'Making connections'

December 18, 2008

Top-level research institutions in the UK and Israel will collaborate, thanks to a bold new initiative of Weizmann UK.

The programme - entitled 'Making Connections' - will bring together scientists from the Weizmann Institute of Science in Israel with their counterparts from the University of Oxford, the University of Cambridge, Imperial College London (ICL) and University College London (UCL).

The timing of the project's launch is only too significant as it comes amid continuing attempts to impose an academic boycott on Israeli institutions. Indeed, the UCU (UK University and College Union) has just announced that it is ending its academic boycott of Israel.

This is the first time since its inception in 1950 that Weizmann UK has provided grants for such an initiative, which is funded entirely by UK philanthropists.

As soon as the programme was launched, it received 29 applications from the Weizmann Institute - far more than had been anticipated. Of these, 10 projects were shortlisted and with the help of Professors Benjamin Chain (UCL), David Klug (ICL) and Haim Garty (Weizmann Institute), five were selected for funding by Weizmann UK.

The five winning research programmes will focus on brain processes involved in learning and memory, understanding the nature of 'dark energy' in the universe, the physical principles that govern the basic processes of living cells, deciphering the molecular events that take place in living cells and the self-assembly of advanced materials.

Lord Mitchell, Chairman of Weizmann UK, said: 'This is a very important development in international scientific collaboration. Our first five projects deal with some of the most challenging areas at the forefront of modern scientific investigation and we are proud to be leading the way.'

Weizmann Institute President Prof. Daniel Zajfman: 'Science knows no borders. Scientific ideas and discoveries, whether it be in the short- or long-term, benefit all humankind. Thus it seems only natural that scientists worldwide should focus their efforts collectively in broadening the boundaries of human knowledge. Our vision is that this pioneering programme will develop into a broad, prestigious, bi-national project, akin to existing programmes that Israel has developed with the U.S. and Germany. It will be initiated on a competitive basis of quality assessment and will serve scientists from all universities and research institutions in the two countries.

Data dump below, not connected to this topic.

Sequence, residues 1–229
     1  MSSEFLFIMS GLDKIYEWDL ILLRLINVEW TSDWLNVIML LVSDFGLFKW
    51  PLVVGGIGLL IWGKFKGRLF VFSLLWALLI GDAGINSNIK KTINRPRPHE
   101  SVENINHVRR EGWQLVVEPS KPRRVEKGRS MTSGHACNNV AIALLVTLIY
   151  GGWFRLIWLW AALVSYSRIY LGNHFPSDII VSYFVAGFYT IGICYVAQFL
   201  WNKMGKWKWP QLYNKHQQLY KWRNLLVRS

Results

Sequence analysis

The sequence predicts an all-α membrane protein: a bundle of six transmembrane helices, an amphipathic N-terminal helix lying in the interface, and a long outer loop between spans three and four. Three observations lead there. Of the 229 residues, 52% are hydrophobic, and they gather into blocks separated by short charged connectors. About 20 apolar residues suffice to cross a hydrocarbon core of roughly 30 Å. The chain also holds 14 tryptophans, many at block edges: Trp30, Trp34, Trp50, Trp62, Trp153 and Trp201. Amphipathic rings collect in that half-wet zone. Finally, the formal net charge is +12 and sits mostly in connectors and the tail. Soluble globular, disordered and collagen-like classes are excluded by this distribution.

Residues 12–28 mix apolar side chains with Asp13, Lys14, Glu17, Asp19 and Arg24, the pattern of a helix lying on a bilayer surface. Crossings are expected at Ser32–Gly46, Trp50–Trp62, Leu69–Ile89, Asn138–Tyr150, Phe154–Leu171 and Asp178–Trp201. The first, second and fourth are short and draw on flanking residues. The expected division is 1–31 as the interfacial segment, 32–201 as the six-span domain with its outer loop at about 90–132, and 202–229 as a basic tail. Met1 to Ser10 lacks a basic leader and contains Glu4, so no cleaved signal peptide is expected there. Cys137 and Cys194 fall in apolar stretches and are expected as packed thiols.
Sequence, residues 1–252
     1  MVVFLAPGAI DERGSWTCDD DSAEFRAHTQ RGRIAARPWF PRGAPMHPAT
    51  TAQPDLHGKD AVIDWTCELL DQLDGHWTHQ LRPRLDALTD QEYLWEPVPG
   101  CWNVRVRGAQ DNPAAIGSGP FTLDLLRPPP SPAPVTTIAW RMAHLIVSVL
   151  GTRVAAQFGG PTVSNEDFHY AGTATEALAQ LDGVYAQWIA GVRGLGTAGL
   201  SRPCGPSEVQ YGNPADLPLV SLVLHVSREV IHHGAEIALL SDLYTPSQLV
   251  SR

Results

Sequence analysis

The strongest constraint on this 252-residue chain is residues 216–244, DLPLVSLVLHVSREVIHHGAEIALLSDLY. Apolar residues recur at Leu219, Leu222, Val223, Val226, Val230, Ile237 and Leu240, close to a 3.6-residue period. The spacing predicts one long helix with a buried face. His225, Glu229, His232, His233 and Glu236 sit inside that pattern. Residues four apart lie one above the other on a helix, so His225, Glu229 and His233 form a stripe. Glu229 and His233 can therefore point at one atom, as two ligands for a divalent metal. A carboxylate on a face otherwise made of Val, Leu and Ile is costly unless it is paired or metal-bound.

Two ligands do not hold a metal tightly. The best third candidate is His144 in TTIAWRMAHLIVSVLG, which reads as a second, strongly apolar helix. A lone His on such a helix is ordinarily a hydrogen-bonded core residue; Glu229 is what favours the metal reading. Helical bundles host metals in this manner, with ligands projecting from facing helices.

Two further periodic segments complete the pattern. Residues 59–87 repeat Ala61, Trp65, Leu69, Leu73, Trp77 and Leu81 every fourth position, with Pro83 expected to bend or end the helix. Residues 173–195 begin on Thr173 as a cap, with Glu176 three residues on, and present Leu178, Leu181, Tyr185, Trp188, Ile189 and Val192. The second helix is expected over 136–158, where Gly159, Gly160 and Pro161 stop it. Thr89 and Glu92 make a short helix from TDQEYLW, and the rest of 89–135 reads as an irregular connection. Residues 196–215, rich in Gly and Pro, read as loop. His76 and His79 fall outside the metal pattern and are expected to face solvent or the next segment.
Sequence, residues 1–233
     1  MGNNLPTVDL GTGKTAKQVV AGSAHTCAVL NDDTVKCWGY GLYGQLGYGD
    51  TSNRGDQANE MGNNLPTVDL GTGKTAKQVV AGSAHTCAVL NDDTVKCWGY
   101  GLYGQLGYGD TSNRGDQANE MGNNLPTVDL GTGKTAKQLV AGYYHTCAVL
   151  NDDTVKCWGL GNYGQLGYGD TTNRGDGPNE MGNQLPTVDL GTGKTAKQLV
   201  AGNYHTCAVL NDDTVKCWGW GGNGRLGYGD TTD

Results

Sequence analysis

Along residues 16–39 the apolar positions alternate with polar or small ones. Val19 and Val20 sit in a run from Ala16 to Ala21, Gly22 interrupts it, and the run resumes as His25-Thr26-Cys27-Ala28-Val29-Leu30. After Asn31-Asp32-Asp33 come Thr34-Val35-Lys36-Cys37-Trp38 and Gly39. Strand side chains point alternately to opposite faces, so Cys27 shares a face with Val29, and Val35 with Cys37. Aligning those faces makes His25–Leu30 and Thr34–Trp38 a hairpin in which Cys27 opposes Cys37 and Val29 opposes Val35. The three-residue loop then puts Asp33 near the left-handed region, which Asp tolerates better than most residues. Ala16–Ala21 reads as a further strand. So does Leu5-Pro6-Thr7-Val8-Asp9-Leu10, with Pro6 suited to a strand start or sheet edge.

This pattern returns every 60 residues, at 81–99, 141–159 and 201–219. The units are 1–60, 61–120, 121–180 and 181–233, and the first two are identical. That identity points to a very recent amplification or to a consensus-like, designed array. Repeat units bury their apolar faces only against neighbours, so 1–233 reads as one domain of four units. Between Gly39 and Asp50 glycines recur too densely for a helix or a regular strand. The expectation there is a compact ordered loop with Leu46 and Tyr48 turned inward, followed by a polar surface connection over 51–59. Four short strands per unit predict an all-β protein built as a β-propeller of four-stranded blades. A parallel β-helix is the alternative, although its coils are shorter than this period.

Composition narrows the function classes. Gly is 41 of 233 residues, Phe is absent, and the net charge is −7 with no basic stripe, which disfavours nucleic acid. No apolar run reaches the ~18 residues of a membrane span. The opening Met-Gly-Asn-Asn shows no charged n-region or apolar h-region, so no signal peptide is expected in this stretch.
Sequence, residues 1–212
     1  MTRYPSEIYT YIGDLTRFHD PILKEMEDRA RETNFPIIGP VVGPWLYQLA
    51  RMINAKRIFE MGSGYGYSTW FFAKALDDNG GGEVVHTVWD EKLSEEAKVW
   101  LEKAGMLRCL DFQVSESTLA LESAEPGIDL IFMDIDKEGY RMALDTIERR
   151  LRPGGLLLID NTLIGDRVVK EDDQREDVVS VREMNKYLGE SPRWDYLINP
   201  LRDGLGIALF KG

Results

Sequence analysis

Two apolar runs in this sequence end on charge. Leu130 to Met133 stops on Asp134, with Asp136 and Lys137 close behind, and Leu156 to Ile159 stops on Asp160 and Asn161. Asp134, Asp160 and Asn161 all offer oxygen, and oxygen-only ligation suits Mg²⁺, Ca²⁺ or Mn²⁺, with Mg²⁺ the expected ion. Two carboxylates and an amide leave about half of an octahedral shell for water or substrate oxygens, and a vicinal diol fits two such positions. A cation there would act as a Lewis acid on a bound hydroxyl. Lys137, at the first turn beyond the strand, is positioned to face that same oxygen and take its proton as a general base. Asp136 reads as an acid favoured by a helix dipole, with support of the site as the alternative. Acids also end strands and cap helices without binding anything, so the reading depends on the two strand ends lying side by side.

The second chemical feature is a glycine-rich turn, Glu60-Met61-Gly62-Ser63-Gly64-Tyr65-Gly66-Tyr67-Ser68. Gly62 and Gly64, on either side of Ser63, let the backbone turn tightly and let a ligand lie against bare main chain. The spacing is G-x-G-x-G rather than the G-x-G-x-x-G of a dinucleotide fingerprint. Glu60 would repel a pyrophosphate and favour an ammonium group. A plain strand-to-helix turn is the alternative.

Originally planed to run two programmes over a five-year period, initial response suggests a swift increase may be possible.
CONTACT IN THE UK: Ms Sheridan Gould, Executive Director, Weizmann UK, Tel.: +44 (0) 20 7424 6860, E-mail: Sheridan@weizmann.org.uk

The Weizmann Institute of Science in Rehovot, Israel, is one of the world's top-ranking multidisciplinary research institutions. Noted for its wide-ranging exploration of the natural and exact sciences, the Institute is home to 2,600 scientists, students, technicians and supporting staff. Institute research efforts include the search for new ways of fighting disease and hunger, examining leading questions in mathematics and computer science, probing the physics of matter and the universe, creating novel materials and developing new strategies for protecting the environment.